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Communities

 

 juan

~ Juan D., Tivoli Community

When I was in college, more than 40 years ago, I found an advertisement about the Rosicrucians and I was ready to ask for information when I met another young person and we became friends. I noticed that in some way he was different from other friends. We talked about spiritual themes, about nature, and about books. Some of our conversations were about the general ideas of Cafh but at that time I didn’t know this.

Where I lived, people went to college if they could and then got a job, or they just got a job right out of high school. Most of them, if not all, got married and started a family. But I knew through what I had read that some people chose a different way, joining spiritual or religious groups. I was inclined towards this way of life and Cafh seemed to be this category.

My friend invited me to enter the group he was part of. I thought about it for some years, during which time we continued to talk. In 1969 I joined Cafh. After a few years I heard that in Cafh there were communities and I asked about them. The answer I received was that, yes, there are communities in Cafh and that people who feel a call to that type of life go there. I didn’t ask too many questions about community life but, after thinking for a while I decided to join a community. Even after I had decided, and I talked about it with my family and friends, I waited a year before entering.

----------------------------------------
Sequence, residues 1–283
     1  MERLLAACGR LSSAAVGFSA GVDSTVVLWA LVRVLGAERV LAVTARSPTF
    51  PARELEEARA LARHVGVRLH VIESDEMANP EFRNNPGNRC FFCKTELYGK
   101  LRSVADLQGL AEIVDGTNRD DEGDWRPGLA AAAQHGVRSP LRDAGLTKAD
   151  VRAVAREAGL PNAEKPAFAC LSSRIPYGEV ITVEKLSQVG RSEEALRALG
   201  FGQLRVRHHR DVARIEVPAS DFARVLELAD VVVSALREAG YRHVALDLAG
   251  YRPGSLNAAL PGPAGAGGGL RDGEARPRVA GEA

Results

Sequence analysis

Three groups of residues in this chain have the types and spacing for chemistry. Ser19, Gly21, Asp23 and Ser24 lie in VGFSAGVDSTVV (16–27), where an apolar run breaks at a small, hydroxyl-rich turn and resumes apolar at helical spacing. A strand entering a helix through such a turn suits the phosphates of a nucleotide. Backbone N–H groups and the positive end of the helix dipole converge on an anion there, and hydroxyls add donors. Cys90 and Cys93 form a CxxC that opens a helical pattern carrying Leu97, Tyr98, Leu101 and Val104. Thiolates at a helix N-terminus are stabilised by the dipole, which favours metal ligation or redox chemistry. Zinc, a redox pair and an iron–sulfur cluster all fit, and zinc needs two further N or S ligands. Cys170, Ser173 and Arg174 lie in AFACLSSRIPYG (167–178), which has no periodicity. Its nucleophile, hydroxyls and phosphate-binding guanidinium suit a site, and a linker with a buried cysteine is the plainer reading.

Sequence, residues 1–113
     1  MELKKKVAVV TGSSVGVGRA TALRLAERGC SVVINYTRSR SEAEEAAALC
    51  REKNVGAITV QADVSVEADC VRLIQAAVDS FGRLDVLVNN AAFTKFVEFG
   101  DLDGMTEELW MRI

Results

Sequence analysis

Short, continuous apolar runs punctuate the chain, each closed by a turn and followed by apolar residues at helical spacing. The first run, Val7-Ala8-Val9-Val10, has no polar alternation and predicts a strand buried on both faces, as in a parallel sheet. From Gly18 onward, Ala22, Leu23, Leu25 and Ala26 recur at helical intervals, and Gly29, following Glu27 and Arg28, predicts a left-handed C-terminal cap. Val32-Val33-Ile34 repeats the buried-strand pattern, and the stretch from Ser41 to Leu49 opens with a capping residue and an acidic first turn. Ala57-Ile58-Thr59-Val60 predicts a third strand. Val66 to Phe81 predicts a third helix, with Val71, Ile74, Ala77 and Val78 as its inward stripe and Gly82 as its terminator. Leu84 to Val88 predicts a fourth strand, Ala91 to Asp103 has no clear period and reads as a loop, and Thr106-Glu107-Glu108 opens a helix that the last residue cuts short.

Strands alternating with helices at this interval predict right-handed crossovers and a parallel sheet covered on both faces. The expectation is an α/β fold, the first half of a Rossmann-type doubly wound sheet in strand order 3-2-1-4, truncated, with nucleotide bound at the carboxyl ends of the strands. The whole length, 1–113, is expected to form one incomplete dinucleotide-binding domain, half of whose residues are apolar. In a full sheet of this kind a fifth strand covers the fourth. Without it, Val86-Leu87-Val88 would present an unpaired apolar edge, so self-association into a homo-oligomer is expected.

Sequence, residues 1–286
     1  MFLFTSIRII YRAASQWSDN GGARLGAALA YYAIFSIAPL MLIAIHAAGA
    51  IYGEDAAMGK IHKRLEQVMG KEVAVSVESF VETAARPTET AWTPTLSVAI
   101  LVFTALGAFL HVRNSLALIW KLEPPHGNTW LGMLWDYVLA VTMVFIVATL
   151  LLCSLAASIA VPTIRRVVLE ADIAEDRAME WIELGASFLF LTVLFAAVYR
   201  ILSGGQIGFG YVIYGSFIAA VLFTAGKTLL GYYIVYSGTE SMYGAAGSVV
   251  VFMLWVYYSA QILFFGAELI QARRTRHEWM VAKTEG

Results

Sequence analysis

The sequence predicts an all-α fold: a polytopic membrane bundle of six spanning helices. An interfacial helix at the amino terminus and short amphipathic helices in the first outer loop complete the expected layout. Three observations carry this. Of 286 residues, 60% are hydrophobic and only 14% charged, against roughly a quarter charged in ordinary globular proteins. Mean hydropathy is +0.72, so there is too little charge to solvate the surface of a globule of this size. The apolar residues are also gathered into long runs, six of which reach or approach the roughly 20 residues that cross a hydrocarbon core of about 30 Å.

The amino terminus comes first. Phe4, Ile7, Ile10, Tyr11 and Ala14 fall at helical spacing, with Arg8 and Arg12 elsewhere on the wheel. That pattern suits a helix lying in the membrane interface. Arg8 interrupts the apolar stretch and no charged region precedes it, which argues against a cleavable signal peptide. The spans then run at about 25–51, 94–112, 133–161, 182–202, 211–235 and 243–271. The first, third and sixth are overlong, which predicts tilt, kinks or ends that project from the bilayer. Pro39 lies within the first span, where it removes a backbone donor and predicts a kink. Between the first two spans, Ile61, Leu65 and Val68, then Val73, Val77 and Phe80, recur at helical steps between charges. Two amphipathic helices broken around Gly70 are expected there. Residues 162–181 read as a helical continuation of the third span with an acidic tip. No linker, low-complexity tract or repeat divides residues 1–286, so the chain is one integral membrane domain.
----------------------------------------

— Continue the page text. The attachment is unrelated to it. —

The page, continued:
When I arrived at the community in 1973, I felt I was in the place I wanted to be. I feel the same today. I am 68 years old now and I am happy; life in the community is simple, silent, and offers me the possibility to free myself from old structures and rigid ways of thinking. It offers an environment conducive to doing a continuous work upon myself and to be awake to the needs of others. When I look at my life in retrospect, I can see some details that in one way or another were marking the direction I wanted to go even though at that time I didn’t realize it.